(Niki Jagpal is research & policy director, and Kevin Laskowski is research & policy associate at the National Committee for Responsive Philanthropy. Niki and Kevin are authors of "The Philanthropic Landscape," a series of studies that analyzes the most recently available data on the latest giving trends.)
Whenever grantees are asked about the kind of foundation support that would be most helpful to them, general operating support usually tops the list. Unfortunately, the proportion of grant dollars made as general operating support has not moved substantially in a decade. For years, foundations have ignored this much expressed need of nonprofits while simultaneously claiming to be partners with them in change.
This breach of trust is unsustainable. It is time for grantmakers to increase the proportion of grants dollars given as general operating support.
A new analysis by the National Committee for Responsive Philanthropy (NCRP) finds that foundations collectively gave 16 percent of grant dollars as general operating support from 2008-10, the same percentage as from a previous sample of grants given in 2004-06.
Even during the economic crisis -- when foundations were encouraged to cut the strings on at least some of their restricted grants -- grantmakers as a group simply continued grantmaking as usual.
Despite the convincing case made by NCRP and other organizations such as the Center for Effective Philanthropy, CompassPoint, Grantmakers for Effective Organizations, and Independent Sector in favor of core support, data from the Foundation Center consistently demonstrate how foundations overwhelmingly prefer restricted over unrestricted support.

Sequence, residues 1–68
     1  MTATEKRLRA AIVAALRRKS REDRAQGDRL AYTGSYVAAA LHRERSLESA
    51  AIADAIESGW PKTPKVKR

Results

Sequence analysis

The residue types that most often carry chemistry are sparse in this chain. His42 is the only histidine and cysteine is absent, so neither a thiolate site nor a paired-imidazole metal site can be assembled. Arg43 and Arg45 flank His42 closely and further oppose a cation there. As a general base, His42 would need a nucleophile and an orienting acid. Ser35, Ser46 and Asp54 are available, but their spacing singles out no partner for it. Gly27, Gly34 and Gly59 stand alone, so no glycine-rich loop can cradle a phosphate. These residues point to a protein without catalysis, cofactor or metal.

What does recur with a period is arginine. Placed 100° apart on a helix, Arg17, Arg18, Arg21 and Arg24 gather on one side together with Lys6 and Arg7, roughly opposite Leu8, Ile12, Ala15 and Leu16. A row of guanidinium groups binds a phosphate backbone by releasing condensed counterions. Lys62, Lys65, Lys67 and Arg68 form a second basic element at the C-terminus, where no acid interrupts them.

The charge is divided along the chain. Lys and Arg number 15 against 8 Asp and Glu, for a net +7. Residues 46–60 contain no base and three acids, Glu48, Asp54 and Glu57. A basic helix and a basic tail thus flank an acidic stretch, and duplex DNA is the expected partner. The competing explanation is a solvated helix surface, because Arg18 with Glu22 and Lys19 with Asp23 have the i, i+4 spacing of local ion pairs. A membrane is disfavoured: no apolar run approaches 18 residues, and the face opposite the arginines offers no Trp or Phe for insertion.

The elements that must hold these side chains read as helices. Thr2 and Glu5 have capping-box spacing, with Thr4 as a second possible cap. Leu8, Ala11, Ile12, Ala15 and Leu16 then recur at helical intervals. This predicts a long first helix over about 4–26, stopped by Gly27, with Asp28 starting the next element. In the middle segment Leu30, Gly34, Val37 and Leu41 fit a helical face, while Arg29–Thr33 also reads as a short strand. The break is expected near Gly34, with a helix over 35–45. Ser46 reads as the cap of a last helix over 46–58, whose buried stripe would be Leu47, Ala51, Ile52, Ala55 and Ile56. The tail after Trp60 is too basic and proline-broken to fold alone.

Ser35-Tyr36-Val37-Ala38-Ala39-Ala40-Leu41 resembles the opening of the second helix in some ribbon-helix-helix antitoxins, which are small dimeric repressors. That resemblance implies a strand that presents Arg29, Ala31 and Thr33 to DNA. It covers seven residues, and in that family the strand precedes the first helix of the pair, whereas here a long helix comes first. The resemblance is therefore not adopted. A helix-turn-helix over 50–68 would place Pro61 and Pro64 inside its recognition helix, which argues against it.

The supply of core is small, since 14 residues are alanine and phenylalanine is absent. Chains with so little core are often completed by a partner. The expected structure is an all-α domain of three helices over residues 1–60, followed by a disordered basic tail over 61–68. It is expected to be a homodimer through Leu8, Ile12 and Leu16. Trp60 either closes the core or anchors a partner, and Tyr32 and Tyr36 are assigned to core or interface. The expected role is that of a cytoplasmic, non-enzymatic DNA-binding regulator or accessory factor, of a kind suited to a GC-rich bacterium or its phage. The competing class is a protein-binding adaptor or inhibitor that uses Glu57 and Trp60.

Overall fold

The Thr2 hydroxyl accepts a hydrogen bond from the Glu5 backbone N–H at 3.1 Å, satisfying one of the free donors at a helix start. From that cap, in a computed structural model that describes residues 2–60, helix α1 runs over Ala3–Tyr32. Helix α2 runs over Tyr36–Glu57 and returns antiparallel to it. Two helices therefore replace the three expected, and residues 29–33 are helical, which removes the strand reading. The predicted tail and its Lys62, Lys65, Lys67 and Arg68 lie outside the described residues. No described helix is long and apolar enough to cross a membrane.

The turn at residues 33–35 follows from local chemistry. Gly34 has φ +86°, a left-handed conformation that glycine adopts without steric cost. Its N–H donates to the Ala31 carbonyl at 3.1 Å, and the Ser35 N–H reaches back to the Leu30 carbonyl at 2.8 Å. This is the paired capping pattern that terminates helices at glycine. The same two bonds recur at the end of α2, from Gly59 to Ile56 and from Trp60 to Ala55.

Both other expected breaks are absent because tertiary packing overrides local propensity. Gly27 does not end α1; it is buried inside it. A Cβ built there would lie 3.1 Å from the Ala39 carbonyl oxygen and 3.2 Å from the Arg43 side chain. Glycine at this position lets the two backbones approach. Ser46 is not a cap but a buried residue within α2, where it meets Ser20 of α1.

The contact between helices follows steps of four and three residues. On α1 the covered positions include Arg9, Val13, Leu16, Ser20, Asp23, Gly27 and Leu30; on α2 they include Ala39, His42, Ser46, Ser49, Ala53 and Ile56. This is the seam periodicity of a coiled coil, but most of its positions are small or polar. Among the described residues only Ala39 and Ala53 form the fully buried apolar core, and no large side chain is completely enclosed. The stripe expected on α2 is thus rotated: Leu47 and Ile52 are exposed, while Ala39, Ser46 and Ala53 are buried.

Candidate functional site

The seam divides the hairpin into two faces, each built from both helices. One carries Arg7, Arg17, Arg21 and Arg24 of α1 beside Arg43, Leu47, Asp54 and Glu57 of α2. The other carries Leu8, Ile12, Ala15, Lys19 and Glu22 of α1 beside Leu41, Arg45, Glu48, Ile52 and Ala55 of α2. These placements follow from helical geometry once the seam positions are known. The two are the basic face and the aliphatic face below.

Indeed, the majority of foundations (54 percent) continue to provide less than 10 percent of their grant dollars as unrestricted core support. The median foundation gave only 8 percent without strings attached. Only 14 percent of our nation's grantmakers gave more than half their grant dollars as general support.
The dearth of core support signals a lack of trust among funders and willful ignorance at the cost of higher effectiveness. Foundations continue to hamstring their grantees by refusing to give up perceived control of restricted grants at the expense of their grantees' abilities to meet pressing community needs.
The "project vs. general operating support" debate is as old as modern grantmaking, and it's not going to be resolved here. Grantees and others who work with foundations have made their case for more unrestricted support repeatedly. Year after year, grantmakers have decided to ignore it. Perhaps, it is simply time to call this behavior what it is: free-riding.
We're not the first to make this argument, and we won't be the last: every restricted grant imposes some costs and neglects others.
First, working with foundations costs money. There is a sizable cost to grant recipients in terms of development, application, monitoring, and reporting costs. Grantmakers have been encouraged to consider what they actually give -- a "net grant," if you will (i.e., what is left over for the nonprofit's work after the costs associated with a grant are subtracted from the amount granted).